Crop Yield and Vine Irrigation Effects on the Sensory Quality of Vitis vinifera L., cv., Cabernet Sauvignon and Sangiovese Wine.

Ahlgren-Chapman, Dawn Marie
Major Prof
Guinard, J.X.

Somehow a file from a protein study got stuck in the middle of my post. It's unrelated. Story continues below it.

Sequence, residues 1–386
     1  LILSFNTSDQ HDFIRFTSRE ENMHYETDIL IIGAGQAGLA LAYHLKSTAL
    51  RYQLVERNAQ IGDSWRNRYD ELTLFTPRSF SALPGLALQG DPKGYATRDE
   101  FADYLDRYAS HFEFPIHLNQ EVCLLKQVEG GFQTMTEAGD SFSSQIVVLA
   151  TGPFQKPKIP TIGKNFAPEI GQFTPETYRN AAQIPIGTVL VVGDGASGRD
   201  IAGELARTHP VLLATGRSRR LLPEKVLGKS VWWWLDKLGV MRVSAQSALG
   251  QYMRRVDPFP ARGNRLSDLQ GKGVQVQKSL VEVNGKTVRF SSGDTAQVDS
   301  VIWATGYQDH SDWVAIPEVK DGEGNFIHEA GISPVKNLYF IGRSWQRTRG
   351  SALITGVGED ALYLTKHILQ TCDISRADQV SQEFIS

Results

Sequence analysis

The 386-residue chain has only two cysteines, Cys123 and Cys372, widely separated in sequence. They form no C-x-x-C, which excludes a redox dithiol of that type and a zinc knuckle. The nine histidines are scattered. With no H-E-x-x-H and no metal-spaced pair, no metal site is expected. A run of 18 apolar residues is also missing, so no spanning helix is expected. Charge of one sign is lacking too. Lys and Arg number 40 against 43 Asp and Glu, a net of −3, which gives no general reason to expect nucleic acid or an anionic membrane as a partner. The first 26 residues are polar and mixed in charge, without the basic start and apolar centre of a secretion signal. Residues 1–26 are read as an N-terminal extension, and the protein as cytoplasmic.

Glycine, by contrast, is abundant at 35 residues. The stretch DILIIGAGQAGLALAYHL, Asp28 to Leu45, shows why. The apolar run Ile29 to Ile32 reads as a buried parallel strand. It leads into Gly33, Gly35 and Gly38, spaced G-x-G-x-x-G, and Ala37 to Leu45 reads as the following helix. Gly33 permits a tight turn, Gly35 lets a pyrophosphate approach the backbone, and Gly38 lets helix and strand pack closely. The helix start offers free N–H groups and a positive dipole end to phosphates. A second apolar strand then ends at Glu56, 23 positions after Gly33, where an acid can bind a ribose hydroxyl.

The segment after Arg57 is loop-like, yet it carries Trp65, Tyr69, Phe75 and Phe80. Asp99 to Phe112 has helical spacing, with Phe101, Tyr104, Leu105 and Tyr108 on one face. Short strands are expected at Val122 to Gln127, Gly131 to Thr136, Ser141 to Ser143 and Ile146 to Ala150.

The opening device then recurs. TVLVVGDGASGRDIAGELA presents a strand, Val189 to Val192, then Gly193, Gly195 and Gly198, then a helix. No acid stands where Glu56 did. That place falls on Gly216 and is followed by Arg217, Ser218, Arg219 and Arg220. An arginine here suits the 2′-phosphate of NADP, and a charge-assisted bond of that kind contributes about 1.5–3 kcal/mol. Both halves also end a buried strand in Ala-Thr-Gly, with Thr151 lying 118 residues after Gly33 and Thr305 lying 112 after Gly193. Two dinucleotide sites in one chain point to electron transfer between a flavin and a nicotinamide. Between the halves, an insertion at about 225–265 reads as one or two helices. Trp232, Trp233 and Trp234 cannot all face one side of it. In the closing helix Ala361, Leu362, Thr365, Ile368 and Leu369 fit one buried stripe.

This Ph.D. dissertation examines the effects of vine pruning, crop thinning, and vine irrigation on Cabernet Sauvignon and Sangiovese wine sensory attributes.. Descriptive analysis was used to examine the differences among wines made from multiple pruning, thinning, and irrigation treatments. In addition, a new SPME GC-MS method was developed to quantify 2-methoxy-3-isobutylprazine, a vegetative aroma compound, in wine. For the yield experiments, Cabernet Sauvignon vines in the Napa Valley were subjected to 6 winter pruning treatments over two vintages and 8 cluster thinning treatments over one vintage, with thinning imposed at veraison. The treatments created yields that varied from 4.3 to 22.2 t/HA. In addition, 5 thinning treatments were imposed on Sangiovese vines in the Pope Valley, creating yields that varied from 17.2 to 39.8 t/HA. In general, vegetal attributes decrease in intensity and fruity attributes increased in intensity as bud number and yield increased. In contrast, there were few sensory differences detected in the wines made from the cluster thinning treatments, although the yield range was greater in the thinning experiments than in the pruning experiment. We concluded that wine aromas and flavors respond to yield manipulation, but do so significantly only when yield is altered early in fruit development. For the irrigation experiments, Cabernet Sauvignon vines in the Napa Valley were subjected to three irrigation treatments: minimal irrigation, 32 L water/vine/week, and 64 L water/vine/week. The treatments created yields that varied from 15.0 to 21.7 t/HA. The minimal irrigation treatment resulted in lower leaf water potential readings throughout the season. Wines made from the minimal irrigation treatment were rated significantly higher in fruity aromas and flavors than wines from the irrigated treatments. The standard irrigation treatment wines were rated significantly higher than the minimal irrigation treatment wines in vegetal aromas and astringency. We conclude that minimally irrigated vines lead to more fruity aromas and flavors in the resultant wines than irrigated vines. A newly developed 2-methoxy-3-isobutylpyrazine (MIBP) assay was used to quantify MIBP concentrations in the experimental wines. MIBP concentrations were significantly negatively correlated with buds per vine and significantly positively correlated with sensory vegetal intensity ratings.